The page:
The problem of edits by PR firms for client — or any “pay for edit” arrangements — is not going to disappear. This is not only about using Wikipedia to promote one’s clients – it’s also about accuracy and reputation. As Wikipedia’s readership, popularity, and position in search engines results will grow, companies will become more and more concerned about the accuracy of Wikipedia’s entries and on how their reputation is affected by it, and will not stay idle if the entries on their organization, leaders, or products are inaccurate.

Of course there will always be a problem with anonymous editors. But I think there are a lot of PR firms and practitioners that are willing to abide by a code that will state clearly the guidelines to be followed by a practitioner for getting involved in the edits of clients pages.

This code doesn’t exist yet – and the discussion about it is happening, for now, without the participation of PR practitioners.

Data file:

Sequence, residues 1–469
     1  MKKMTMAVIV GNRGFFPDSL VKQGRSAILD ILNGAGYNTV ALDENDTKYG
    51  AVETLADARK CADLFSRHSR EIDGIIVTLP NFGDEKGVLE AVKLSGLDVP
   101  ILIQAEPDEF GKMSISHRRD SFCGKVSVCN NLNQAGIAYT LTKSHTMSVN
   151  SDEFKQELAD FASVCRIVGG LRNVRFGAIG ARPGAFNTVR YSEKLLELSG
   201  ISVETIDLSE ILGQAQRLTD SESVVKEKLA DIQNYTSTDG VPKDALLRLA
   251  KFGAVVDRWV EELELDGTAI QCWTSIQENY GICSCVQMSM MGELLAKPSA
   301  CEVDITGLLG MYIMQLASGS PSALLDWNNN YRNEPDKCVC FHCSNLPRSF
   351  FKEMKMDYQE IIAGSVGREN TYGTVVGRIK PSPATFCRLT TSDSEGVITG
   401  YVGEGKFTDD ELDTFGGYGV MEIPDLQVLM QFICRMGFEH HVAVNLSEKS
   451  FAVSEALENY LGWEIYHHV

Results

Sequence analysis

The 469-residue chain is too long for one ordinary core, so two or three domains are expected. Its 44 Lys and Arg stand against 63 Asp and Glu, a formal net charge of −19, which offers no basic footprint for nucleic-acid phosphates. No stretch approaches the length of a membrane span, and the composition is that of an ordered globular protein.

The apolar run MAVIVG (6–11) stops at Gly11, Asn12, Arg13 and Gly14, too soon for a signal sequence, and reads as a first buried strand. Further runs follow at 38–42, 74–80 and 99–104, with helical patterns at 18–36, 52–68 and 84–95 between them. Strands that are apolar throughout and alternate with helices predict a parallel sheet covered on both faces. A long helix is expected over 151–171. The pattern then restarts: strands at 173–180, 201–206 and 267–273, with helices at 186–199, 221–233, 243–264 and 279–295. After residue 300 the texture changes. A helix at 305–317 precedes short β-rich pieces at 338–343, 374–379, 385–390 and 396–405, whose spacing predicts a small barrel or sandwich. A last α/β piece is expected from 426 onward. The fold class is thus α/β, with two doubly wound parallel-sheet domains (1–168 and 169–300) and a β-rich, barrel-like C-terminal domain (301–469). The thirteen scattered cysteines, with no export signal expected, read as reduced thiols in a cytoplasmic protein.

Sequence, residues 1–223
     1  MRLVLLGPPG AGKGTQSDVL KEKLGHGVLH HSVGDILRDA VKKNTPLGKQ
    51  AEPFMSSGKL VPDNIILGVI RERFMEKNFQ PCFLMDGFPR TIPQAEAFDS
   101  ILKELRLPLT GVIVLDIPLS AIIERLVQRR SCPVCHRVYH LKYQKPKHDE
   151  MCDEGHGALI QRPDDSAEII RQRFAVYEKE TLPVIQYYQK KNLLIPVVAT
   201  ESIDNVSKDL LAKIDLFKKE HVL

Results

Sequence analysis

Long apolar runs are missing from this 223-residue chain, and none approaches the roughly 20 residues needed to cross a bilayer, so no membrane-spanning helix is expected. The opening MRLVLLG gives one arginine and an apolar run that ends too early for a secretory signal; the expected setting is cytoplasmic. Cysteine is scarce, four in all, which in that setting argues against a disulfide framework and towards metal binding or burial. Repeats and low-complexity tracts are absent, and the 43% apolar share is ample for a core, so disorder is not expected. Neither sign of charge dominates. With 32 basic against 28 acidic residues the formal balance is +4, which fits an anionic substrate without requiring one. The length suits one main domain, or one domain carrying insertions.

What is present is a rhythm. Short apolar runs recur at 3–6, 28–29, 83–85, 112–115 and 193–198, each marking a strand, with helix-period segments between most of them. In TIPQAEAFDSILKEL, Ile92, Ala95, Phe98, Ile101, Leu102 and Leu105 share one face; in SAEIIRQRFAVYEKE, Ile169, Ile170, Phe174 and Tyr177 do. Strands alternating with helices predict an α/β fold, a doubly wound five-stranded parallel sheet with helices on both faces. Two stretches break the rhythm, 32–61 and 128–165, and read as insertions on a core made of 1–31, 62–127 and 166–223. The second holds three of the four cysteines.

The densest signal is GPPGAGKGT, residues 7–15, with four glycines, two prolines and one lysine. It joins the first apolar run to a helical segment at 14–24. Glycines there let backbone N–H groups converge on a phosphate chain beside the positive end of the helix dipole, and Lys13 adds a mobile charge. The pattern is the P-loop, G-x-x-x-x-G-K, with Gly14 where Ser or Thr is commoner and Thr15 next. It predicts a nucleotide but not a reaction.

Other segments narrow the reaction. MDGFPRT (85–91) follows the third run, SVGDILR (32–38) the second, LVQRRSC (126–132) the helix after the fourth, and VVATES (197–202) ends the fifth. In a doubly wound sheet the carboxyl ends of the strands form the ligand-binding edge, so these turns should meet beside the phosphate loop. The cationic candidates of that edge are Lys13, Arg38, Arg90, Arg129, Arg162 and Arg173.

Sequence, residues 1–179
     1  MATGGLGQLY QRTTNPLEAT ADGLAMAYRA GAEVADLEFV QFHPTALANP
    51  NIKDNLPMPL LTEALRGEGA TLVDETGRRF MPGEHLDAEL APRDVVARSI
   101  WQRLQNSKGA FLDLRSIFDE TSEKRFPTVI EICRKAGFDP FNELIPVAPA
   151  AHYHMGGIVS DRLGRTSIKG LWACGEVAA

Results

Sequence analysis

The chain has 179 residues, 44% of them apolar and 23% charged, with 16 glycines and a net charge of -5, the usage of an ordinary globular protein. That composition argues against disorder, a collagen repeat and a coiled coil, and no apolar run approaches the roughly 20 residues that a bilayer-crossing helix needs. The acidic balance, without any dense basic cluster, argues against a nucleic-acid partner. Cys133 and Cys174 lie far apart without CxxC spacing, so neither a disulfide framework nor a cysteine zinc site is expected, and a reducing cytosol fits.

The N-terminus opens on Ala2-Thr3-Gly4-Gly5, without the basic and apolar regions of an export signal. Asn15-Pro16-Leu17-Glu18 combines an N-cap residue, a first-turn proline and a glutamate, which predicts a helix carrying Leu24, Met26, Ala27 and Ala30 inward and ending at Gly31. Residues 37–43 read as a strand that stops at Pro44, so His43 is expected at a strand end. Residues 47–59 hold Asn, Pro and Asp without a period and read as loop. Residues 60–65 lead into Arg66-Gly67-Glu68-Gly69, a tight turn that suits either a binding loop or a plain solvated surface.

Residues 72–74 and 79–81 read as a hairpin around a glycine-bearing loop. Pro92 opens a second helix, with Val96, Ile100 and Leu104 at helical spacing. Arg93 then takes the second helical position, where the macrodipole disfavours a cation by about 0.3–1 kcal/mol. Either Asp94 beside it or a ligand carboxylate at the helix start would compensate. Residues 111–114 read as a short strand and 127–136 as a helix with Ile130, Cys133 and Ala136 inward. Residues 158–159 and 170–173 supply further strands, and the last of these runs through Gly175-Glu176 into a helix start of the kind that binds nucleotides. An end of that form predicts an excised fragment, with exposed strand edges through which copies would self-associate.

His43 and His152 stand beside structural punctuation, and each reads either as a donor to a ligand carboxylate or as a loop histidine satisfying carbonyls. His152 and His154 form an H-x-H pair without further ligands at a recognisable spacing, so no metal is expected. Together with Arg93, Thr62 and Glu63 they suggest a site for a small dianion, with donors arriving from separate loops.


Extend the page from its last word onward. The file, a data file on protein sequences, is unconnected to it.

The problems raised by this case are not confined to Wikipedia. The industry should start working now on the rules of engagement on Social Media Commons — social spaces like, YouTube, digg, MySpace, and Second Life — that will allow organizations’ participation in a way that is transparent and respects the communities’ rules.

Other articles and blog entries on PR edits in Wikipedia:

Hat tip: PR-Kloster, Storryblogger & bitemarks.

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  1. Is there anywhere on Wikipedia that states people cannot be paid to edit or start entries? (Yes, I could look, but would rather ask first, then check.)